Using BibTeX

BibTeX operates with LaTeX to generate bibliographies in a TeX environment. There are a few things you should know about how BibTeX works before you start to build a bibliography to complement your beautiful LaTeX document. I can help with this with short paragraphs about what you need, and where I can't help, the rest of the internet can!  

 

Here are the titles of the four short information sections I think are relevant for building bibliographies in TeX documents using the natbib package (don't worry about the jargon here, I'll explain later). These topics may sound scary and foreboding! But never fear, you have me, a complete amateur, helping you. 

 

1. Building .bib files  

 

2. Files you'll need: .bst, .bib, .tex 

 

3. How to make the files talk to each other 

 

4. Citing in your LaTeX document 

 

***NOTE*** all of these have tl;dr sections for when you want the information but don't care about the explanation of why things are the way they are and/or want to avoid my writing style as much as possible (not offended)

INFO THINGY NUMBER 1: BUILDING .BIB FILES

 

Probably the first thing we should discuss is what a bib file is and what's even in there, right? A .bib file is essentially a document with a list of citations in it. ‚Äč Sometimes this is called a *~*~BibTeX library~*~*

 

 Here's what a typical citation looks like for a scientific article, but in BibTeX-speak: 

 

@ARTICLE{Allen11,
  author = {Allen, Cerisse E. and Zwaan, Bas J. and Brakefield, Paul  M.},
  title = {Evolution of Sexual Dimorphism in the Lepidoptera},
  journal = {Annual Review of Entomology},
  year = {2011},
  volume = {56},
  pages = {445--464},
  number = {1},
  month = {Jan}
}

 

WAIT, BEFORE YOU RUN AWAY

 

***You will NEVER have to manually generate your own citations in BibTeX*** and if you actually ever do I'll eat my hat. We will get to the details of this later, but just trust me. Not the hat-eating, the auto-citing stuff! doy!

 

Right now, I'm gonna break down the anatomy of this "Allen11" entry for you just real quick 

 

Anatomy of the above BibTeX entry 

@ARTICLE

This capslock at thing at the beginning is telling the software the type of citation it's working with. Each citation entry type requires different information. Other citation types include "@INBOOK" for book chapters or "@Manual" for things like R packages etc. A full list of citation entry types can be found here

 

{Allen11,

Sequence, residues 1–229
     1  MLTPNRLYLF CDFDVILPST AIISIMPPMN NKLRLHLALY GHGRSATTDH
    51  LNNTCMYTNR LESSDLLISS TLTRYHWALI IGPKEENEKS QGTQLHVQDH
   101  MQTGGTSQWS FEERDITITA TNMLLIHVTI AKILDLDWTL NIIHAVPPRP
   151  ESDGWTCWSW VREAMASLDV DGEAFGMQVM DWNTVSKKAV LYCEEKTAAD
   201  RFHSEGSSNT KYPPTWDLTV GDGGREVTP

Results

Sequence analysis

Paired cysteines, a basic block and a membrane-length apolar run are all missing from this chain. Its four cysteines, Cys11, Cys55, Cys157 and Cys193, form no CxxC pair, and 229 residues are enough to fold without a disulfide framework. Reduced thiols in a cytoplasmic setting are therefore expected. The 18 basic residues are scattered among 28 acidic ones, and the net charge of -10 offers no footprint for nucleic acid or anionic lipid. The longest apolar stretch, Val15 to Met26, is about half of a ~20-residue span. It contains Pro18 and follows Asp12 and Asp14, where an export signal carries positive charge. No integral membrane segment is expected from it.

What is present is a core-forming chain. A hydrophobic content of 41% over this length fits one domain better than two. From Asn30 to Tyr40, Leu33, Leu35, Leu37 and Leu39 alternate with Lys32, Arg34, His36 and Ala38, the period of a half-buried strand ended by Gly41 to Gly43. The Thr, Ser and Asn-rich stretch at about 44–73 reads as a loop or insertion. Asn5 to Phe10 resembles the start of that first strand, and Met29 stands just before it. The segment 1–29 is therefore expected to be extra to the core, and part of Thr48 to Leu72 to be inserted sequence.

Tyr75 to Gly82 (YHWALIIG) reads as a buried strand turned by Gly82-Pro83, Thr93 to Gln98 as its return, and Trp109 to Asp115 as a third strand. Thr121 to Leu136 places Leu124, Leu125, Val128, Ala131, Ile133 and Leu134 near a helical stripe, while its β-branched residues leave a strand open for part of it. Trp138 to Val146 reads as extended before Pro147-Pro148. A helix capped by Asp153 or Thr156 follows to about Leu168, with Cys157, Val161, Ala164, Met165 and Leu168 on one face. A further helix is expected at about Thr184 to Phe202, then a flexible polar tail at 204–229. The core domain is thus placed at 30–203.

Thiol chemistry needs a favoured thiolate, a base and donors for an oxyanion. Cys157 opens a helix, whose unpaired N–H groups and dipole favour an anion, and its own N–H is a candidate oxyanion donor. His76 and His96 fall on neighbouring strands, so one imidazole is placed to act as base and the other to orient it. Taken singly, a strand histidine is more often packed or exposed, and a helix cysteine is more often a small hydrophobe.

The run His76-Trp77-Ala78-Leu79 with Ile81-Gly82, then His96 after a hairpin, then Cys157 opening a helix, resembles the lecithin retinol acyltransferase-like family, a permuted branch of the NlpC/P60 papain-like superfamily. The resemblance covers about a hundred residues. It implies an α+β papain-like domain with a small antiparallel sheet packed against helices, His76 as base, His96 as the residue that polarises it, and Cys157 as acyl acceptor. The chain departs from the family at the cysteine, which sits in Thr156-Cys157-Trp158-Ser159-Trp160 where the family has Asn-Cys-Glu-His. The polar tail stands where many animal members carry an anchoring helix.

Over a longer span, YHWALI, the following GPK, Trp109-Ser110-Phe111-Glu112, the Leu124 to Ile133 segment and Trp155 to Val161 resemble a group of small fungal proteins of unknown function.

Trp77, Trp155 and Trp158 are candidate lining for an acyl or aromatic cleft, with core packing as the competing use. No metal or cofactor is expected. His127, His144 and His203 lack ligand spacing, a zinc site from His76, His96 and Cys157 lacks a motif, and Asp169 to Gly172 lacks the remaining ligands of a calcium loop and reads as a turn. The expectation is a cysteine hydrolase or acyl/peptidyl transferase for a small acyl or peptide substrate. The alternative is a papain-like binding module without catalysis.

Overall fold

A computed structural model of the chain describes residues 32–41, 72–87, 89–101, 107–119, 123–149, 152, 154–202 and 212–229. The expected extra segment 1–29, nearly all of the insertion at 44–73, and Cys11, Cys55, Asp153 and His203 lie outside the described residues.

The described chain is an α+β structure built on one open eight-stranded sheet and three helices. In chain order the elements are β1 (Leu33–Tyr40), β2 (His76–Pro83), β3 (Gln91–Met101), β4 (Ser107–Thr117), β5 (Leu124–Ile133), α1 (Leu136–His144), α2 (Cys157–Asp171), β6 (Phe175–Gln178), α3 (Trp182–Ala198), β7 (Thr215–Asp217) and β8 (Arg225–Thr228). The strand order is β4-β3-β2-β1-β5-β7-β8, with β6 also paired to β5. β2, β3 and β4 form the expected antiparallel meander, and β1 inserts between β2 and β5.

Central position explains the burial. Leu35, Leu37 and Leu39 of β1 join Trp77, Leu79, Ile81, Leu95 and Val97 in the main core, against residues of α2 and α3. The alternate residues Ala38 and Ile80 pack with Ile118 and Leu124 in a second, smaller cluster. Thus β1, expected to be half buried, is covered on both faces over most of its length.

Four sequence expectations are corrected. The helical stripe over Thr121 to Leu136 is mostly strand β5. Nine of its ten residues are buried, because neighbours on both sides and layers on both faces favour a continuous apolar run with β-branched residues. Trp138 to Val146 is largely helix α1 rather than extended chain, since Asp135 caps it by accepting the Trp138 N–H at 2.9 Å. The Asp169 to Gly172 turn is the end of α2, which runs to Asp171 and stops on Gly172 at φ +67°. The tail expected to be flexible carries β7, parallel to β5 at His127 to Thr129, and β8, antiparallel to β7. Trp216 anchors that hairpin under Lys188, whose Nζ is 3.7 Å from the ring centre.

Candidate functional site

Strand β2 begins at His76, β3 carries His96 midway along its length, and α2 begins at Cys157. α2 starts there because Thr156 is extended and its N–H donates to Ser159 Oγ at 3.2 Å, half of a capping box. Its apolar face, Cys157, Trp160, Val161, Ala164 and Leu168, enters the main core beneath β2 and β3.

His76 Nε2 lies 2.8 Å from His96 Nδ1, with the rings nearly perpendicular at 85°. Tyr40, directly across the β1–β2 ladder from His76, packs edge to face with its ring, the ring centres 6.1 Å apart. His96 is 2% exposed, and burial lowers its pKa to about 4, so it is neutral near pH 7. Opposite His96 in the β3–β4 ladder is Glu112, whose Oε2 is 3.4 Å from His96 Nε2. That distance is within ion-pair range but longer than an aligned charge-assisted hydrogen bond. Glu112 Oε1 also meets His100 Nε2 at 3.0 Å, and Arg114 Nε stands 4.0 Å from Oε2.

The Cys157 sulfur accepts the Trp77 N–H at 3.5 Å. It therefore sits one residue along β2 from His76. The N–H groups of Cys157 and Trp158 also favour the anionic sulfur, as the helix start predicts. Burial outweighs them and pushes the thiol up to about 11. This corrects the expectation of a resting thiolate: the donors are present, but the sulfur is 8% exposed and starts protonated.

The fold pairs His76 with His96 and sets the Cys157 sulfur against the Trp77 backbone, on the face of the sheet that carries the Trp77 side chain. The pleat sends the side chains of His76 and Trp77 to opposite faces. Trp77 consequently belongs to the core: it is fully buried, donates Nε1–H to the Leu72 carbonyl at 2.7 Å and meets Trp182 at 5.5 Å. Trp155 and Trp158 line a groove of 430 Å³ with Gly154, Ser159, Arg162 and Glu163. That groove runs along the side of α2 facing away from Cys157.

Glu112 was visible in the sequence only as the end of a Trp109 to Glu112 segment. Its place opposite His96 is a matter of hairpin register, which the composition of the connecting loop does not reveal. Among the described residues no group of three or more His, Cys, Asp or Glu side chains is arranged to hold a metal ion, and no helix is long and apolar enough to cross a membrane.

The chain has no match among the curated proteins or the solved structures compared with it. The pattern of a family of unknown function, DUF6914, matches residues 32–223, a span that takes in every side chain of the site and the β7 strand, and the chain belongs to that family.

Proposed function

This is the citekey and it is SUPER IMPORTANT. It can be anything you want, and some softwares generate citekeys for you automatically. The citekey is the thing in your .tex document you will use to call this particular citation. Biggest note here: Citekeys must be unique!!! 

 

How to use the citekey is in Info Thingy Number 4. 

 

author = {Allen, Cerisse E. and Zwaan, Bas J. and Brakefield, Paul M.},

"author=" is saying "hey, TeX, this is the author field of the entry". The stuff in the curly brackets is saying that the author field should be filled with {this particular information}. Here, {this particular information} is the author names.

 

One thing to note about the author field is that names are listed as "Lastname, Firstname Initial AND Lastname, Firstname Initial AND Lastname, Firstname Initial" etc. 

("AND" IN CAPS FOR EMPHASIS)   

 

The rest of this citation entry is pretty much "doy" status so I will not keep going (like, year={year published}, doy).

 

To generalize: The structure of entering the information you want into a bibtex entry (lol not that you'll ever need to but you should know this anyway) is a pretty simple formula:

 

field = {relevant information}

 

Finally, the fields you need to include in your tex citation are dictated by the entry type you're working with.  A full list of fields recognized by BibTeX can be found here.

 

Small anal retentive note: please do not forget the curly brackets or the commas.

Commas separate field types and curly brackets say where the information to use begins and ends.

Also: be sure that your bracket is closed at the end of your citation!

 

 

 

tl;dr

Basic Structure of a bibTeX citation

 

@CITATIONENTRYTYPE{uniquecitekey,

field1 = {information1},